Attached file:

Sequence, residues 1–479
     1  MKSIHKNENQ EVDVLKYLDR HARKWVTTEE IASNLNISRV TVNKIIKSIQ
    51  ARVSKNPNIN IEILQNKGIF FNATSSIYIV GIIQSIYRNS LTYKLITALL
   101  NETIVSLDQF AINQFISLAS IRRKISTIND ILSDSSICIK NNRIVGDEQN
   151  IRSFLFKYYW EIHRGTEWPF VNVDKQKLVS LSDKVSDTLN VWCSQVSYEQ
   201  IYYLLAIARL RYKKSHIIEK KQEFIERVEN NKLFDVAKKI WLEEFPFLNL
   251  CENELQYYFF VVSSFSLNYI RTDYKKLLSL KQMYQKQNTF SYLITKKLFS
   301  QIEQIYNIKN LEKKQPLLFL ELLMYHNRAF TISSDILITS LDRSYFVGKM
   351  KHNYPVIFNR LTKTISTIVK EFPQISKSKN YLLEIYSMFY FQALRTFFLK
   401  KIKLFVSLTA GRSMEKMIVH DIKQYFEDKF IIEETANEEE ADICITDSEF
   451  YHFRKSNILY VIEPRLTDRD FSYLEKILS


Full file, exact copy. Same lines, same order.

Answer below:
Sequence, residues 1–479
     1  MKSIHKNENQ EVDVLKYLDR HARKWVTTEE IASNLNISRV TVNKIIKSIQ
    51  ARVSKNPNIN IEILQNKGIF FNATSSIYIV GIIQSIYRNS LTYKLITALL
   101  NETIVSLDQF AINQFISLAS IRRKISTIND ILSDSSICIK NNRIVGDEQN
   151  IRSFLFKYYW EIHRGTEWPF VNVDKQKLVS LSDKVSDTLN VWCSQVSYEQ
   201  IYYLLAIARL RYKKSHIIEK KQEFIERVEN NKLFDVAKKI WLEEFPFLNL
   251  CENELQYYFF VVSSFSLNYI RTDYKKLLSL KQMYQKQNTF SYLITKKLFS
   301  QIEQIYNIKN LEKKQPLLFL ELLMYHNRAF TISSDILITS LDRSYFVGKM
   351  KHNYPVIFNR LTKTISTIVK EFPQISKSKN YLLEIYSMFY FQALRTFFLK
   401  KIKLFVSLTA GRSMEKMIVH DIKQYFEDKF IIEETANEEE ADICITDSEF
   451  YHFRKSNILY VIEPRLTDRD FSYLEKILS